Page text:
Tuesday 18 November 2008 (21 Dhul Qa`dah 1429)

      Israel to release 250 Palestinian inmates
      Hisham Abu Taha I Arab News 

            FRIENDS IN NEED: Israel's Prime Minister Ehud Olmert welcomes 
Palestinian President Mahmud Abbas in Jerusalem on Monday. (AFP)    
      JERUSALEM: Israeli Prime Minister Ehud Olmert yesterday promised to 
release 250 Palestinian prisoners next month, making a goodwill gesture to the 
moderate Palestinian leadership in the West Bank even as Israel battles 
fighters in the Gaza Strip.

      Olmert informed Palestinian President Mahmoud Abbas of the planned 
release during a 90-minute meeting that came amid a new upsurge in fighting. 

      In new violence, Gaza fighters fired six rockets into southern Israel, 
causing no injuries but casting a pall over the talks.

      The planned prisoner release would be the latest in a series of Israeli 
gestures meant to bolster Abbas in his standoff with Hamas. "Prime Minister 
Olmert told the Palestinian president that Israel will release 250 
Fatah-aligned prisoners on the occasion of the upcoming holiday Eid Al-Adha," 
said David Baker, an Israeli government spokesman.

      The prisoner issue is extremely sensitive in Palestinian society. Israel 
holds more than 9,000 prisoners, and nearly every Palestinian has a relative, 
friend or neighbor who has served time. 

      Meanwhile, Hamas yesterday slammed the meeting between Abbas and Olmert 
saying it is part of a plan to eliminate the movement.

      Fawzi Barhoum, a spokesman for Hamas, said in a statement yesterday said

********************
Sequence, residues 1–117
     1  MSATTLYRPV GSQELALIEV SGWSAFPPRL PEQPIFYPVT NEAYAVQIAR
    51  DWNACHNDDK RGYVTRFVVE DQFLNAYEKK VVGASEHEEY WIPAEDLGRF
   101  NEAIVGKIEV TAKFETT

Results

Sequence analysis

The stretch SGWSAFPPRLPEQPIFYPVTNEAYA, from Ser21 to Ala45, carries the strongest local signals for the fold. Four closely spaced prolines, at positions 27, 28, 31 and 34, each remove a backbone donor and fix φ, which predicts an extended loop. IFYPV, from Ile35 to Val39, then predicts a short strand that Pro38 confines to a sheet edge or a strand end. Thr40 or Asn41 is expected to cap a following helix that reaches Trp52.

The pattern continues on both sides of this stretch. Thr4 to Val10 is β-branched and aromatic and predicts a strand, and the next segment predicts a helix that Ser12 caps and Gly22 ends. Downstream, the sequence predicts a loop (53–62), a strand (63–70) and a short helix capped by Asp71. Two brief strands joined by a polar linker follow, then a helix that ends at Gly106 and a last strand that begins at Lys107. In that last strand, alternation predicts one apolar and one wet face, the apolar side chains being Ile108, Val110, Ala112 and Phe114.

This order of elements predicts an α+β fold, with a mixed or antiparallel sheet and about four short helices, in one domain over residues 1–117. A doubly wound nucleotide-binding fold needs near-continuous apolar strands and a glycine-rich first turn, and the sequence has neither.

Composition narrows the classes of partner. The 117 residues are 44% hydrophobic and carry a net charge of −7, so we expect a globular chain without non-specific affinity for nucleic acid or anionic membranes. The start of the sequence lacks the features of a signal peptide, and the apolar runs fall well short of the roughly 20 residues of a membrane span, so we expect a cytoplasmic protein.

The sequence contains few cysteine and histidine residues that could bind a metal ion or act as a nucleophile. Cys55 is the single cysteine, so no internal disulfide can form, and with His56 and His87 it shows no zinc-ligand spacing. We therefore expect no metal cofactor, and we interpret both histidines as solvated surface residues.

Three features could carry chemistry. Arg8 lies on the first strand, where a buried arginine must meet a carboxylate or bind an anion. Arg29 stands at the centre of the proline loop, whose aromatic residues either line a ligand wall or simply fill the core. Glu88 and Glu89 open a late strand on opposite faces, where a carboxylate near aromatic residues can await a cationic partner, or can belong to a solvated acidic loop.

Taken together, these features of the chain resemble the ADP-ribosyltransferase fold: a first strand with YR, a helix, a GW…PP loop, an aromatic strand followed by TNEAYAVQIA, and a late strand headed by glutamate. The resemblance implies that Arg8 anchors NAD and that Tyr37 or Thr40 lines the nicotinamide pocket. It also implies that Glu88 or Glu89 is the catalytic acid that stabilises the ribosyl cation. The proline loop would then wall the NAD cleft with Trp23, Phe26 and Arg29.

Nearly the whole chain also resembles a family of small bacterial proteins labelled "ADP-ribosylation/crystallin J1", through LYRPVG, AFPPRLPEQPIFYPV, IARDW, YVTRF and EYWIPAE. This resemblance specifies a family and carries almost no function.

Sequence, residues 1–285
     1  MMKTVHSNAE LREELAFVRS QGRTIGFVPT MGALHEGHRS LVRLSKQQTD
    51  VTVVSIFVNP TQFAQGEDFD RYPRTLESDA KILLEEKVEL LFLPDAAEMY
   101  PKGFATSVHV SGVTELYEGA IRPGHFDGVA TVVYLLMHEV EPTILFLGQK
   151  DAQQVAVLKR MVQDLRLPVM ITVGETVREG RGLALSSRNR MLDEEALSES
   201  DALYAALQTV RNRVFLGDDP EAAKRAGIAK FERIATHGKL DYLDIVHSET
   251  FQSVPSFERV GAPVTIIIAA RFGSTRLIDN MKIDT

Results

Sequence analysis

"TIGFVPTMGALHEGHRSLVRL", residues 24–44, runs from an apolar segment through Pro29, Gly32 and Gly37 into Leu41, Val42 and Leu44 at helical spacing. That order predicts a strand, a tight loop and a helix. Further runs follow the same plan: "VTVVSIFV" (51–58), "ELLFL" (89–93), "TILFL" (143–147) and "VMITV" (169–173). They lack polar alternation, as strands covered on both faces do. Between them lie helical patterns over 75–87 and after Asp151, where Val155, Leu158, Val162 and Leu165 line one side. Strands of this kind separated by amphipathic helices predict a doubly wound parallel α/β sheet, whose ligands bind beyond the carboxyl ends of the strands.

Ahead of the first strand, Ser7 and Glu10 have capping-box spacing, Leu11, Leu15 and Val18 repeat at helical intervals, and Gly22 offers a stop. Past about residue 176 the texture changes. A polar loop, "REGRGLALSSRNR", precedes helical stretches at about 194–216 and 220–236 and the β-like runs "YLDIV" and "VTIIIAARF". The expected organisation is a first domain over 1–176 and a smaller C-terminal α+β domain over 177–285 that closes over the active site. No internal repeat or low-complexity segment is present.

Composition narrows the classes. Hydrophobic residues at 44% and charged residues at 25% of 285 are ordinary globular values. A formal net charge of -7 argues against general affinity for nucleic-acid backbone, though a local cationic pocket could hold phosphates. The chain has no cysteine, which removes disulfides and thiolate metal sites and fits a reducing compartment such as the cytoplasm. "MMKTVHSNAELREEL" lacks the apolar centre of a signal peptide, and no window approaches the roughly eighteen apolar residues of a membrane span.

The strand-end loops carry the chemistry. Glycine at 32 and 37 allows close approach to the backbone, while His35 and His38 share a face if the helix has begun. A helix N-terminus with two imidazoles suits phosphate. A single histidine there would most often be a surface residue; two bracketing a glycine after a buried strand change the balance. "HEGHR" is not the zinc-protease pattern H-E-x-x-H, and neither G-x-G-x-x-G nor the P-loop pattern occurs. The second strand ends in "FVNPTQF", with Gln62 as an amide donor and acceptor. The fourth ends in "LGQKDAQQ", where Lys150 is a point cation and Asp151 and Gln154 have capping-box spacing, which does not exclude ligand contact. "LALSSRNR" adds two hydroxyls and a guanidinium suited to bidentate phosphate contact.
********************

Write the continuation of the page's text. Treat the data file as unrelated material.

"in the meeting, Abbas will receive more dictations to liquidate the 
Palestinian cause and Hamas movement."

      Barhoum was referring to a Fatah-led clampdown against Hamas supporters 
in the West Bank where pro-Abbas forces rule.

      "Abbas has abandoned all his national obligations toward his people and 
completely adhered to Zionist-American project," he added. Olmert and Abbas 
relaunched peace talks a year ago with the goal of reaching a final agreement 
by December 2008.

      Both sides have acknowledged they will not meet this target. But the men 
hope to lay the foundation for further talks after Olmert leaves office early 
next year to battle corruption allegations.Elections are scheduled on Feb. 10. 
While yesterday's meeting was ostensibly meant to provide an update on where 
peace efforts stand, Israeli and Palestinian officials said much of the session 
focused on the tensions in Gaza. Although Abbas lost control of Gaza to Hamas 
in June 2007, he still claims to be the legitimate representative of the 

      Israel and Palestinian fighters in Gaza have been engaged in tit-for-tat 
fighting for the past two weeks, with militants firing rockets into Israel and 
Israel responding with airstrikes. Seventeen fighters have been killed, and 
more than 150 rockets and mortars have been fired into Israel.

      Israel has closed border crossings, halting shipments of food, fuel and 
basic supplies into the territory. 

      The closure has led to shortages of key items, and the United Nations has 
been forced to halt food aid deliveries to tens of thousands of people.

      - With input from agencies



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